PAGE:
I want to ask you a question: Where’s your place at the table?
You’ve got one, don’t you? I don’t mean a table; I mean, a place. I’m almost certain that you do.
There’s a place at your dining room table that’s your place. It’s not that you can’t physically sit somewhere else at that table.
It’s your table.
Those are your chairs.
You can sit wherever you want to.
But you know as well as I do that not every place at that table, your table, and on those chairs, your chairs, is your place.
Sit in the wrong place and it just feels, well, wrong.
It feels like buttoning a shirt with the buttons on the wrong side.
It feels like trying to brush your teeth left-handed if you’re right-handed, or vice versa.
It feels like putting your shoes on right shoe first instead of left shoe first, or vice versa.
It’ll work, I guess, but it just feels wrong.
You’ve got a place at the table. And it’s your place. It’s where you’re supposed to be, and it just feels right, your place at the table.
But what happens if somebody else in the family decides that their own place at the table is the wrong place? And they want to switch places? And, what’s more, without asking a soul, they just move?
Then everyone else becomes more or less “dis-placed” and probably a tad disgruntled.
Or imagine another situation. It’s an empty place at the table. It’s always been filled before, but today it’s empty. Ah, that’s displacement of a far worse sort.
In Mark 9, Jesus and his disciples have just come home to Capernaum. Lots has happened in the last few days. Jesus has taken Peter, James, and John, up a “high mountain” where he was “transfigured” before them. They’re still trying to wrap their minds around that.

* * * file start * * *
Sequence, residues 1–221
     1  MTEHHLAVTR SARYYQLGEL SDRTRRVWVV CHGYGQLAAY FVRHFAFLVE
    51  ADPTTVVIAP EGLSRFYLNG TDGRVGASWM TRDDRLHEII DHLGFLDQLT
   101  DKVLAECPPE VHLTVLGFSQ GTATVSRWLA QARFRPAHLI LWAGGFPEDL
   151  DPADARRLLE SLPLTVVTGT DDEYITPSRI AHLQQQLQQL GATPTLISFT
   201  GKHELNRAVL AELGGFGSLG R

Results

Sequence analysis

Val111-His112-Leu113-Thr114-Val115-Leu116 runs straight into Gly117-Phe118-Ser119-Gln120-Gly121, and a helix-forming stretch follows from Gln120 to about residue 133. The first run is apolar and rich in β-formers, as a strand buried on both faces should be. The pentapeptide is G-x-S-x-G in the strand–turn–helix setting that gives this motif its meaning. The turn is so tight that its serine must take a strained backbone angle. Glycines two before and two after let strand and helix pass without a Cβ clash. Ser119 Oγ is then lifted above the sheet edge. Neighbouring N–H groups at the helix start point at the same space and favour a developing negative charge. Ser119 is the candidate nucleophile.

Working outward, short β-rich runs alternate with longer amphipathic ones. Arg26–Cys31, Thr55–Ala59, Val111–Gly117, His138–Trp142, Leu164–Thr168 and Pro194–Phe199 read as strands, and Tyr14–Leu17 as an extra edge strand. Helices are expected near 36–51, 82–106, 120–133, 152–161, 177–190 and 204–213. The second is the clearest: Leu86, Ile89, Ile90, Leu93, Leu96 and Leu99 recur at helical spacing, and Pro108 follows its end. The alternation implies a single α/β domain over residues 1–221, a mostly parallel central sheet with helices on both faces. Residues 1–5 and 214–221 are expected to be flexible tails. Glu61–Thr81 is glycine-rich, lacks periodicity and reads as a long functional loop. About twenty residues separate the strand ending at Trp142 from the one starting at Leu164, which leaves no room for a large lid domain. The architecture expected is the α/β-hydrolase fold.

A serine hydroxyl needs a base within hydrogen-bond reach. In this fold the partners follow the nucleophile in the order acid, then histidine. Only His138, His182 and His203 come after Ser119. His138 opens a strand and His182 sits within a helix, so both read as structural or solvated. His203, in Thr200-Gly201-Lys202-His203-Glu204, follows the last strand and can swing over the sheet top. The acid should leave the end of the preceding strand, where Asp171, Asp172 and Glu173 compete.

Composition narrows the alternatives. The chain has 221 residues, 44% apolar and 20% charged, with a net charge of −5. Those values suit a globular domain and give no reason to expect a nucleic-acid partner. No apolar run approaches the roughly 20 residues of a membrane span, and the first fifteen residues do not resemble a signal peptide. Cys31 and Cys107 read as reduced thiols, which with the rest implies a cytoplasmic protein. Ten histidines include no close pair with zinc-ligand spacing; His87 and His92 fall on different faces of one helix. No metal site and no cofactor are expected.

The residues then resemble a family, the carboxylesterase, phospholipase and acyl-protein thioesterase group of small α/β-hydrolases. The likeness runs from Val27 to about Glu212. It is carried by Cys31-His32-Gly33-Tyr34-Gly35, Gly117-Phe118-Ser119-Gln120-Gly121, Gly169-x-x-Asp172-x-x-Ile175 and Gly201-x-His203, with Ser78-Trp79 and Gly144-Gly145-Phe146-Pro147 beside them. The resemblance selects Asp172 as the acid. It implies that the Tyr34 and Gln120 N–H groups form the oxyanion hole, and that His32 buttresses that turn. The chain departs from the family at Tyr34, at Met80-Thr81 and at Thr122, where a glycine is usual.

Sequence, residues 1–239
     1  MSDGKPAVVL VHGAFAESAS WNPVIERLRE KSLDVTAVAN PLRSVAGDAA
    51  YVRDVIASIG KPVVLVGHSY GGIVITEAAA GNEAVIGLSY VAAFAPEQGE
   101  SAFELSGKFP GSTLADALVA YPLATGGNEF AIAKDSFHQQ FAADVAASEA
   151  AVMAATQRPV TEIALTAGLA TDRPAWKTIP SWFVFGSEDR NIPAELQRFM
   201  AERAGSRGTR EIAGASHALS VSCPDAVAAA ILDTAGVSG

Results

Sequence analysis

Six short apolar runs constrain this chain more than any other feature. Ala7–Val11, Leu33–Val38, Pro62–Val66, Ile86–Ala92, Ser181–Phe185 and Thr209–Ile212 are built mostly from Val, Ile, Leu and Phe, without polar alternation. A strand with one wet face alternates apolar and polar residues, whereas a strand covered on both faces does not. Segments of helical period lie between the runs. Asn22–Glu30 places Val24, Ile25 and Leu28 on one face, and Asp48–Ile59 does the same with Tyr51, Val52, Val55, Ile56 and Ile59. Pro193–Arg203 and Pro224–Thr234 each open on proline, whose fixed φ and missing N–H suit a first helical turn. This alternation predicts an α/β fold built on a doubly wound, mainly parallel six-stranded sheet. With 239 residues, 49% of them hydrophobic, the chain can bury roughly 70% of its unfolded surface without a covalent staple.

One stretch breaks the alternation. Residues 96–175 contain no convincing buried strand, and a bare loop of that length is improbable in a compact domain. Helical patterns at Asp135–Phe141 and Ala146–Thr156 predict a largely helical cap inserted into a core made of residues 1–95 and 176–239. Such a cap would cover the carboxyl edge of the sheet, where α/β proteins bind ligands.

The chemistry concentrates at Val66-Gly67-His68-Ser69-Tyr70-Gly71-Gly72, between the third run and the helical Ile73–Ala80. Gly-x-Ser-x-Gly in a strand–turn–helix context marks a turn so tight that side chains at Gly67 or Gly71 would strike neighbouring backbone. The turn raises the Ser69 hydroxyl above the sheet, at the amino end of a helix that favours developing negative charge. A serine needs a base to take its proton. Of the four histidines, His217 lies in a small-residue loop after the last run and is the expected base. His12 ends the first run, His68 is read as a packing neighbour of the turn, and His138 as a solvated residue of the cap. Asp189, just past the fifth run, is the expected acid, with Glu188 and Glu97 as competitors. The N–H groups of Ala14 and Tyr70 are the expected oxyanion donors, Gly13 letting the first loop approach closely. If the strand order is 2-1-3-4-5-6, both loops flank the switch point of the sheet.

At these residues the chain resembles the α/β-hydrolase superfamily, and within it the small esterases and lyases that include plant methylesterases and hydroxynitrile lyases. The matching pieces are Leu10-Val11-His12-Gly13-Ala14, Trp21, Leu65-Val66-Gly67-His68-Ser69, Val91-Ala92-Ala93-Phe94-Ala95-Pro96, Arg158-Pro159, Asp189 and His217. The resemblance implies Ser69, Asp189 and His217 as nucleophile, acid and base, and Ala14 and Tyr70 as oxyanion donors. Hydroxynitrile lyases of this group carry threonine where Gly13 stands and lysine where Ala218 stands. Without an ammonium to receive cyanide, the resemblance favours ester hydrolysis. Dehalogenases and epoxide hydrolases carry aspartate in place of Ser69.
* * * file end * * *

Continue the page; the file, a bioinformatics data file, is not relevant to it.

Meanwhile, back down the hill, the other disciples have been fussing with the Pharisees (or at least, the “teachers of the law”) and have failed spectacularly in Demon Removal 101. Jesus has cleaned up the mess, defeated the devil, and taught his disciples that it’s a really good thing to consider praying before battling the Prince of Darkness.
Then, as if all this wasn’t enough, on the surreptitious, under-the-radar trip home, he begins to talk to his disciples in earnest about his coming death and resurrection.
Busy time. Mind-boggling time.
They walk exhausted into the house at Capernaum, and a query from Christ calls them on the carpet: “What were you arguing about on the road?”
They stop in their tracks. Study their sandals. Hem and haw and start to stutter. But their jaws are shame-locked.
Jesus already knows. He knows they were arguing about who was the greatest. And he simply tells them, “The one who wants to be first must be the very last, the servant of all.”
Forget the jockeying for better places at the table. One place is about to be empty.
The Greatest of all will have left the table to serve us all.
Curtis Shelburne is pastor of 16th & Ave. D. Church of Christ in Muleshoe. Contact him at email@example.com